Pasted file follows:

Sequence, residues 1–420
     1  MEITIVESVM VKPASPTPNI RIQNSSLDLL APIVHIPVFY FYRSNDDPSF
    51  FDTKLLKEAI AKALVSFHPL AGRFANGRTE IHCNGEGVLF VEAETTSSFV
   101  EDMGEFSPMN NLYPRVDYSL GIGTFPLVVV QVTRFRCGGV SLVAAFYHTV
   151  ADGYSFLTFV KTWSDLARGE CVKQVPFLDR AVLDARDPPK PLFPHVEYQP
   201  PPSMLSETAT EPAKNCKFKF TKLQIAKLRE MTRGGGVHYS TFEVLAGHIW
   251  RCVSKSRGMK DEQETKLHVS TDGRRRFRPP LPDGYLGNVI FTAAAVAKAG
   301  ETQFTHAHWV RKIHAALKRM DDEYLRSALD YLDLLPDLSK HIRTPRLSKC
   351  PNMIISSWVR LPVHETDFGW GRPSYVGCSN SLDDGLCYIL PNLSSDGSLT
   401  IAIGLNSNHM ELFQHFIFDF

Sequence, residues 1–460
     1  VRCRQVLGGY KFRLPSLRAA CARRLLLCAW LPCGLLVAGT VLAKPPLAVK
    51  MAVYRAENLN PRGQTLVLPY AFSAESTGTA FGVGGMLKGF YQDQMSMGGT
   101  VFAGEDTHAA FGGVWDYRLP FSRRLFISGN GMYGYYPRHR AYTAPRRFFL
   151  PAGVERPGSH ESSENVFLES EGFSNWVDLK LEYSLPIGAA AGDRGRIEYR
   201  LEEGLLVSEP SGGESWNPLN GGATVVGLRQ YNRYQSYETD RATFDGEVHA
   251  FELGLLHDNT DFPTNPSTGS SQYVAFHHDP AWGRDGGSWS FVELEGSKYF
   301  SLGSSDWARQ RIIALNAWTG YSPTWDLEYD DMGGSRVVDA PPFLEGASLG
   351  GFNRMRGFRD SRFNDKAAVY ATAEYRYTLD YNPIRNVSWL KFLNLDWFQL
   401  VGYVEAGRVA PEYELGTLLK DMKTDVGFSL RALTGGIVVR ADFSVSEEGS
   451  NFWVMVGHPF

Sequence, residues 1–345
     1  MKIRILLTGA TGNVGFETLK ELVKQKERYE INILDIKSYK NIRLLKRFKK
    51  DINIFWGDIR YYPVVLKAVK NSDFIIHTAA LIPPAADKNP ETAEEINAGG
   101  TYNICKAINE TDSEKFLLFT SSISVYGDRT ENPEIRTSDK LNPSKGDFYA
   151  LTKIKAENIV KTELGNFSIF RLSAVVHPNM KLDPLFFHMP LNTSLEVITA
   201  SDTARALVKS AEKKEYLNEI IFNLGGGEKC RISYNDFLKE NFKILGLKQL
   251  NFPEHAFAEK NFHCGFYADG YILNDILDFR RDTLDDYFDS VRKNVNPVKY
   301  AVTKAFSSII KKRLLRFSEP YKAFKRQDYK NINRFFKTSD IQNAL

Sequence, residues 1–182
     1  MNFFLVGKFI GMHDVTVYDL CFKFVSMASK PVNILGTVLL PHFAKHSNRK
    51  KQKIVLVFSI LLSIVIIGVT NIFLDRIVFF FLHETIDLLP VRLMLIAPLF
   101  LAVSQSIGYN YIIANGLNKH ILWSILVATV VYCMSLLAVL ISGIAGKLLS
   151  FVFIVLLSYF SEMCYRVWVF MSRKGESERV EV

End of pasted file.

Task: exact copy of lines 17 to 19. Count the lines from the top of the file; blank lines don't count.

   251  FELGLLHDNT DFPTNPSTGS SQYVAFHHDP AWGRDGGSWS FVELEGSKYF
   301  SLGSSDWARQ RIIALNAWTG YSPTWDLEYD DMGGSRVVDA PPFLEGASLG
   351  GFNRMRGFRD SRFNDKAAVY ATAEYRYTLD YNPIRNVSWL KFLNLDWFQL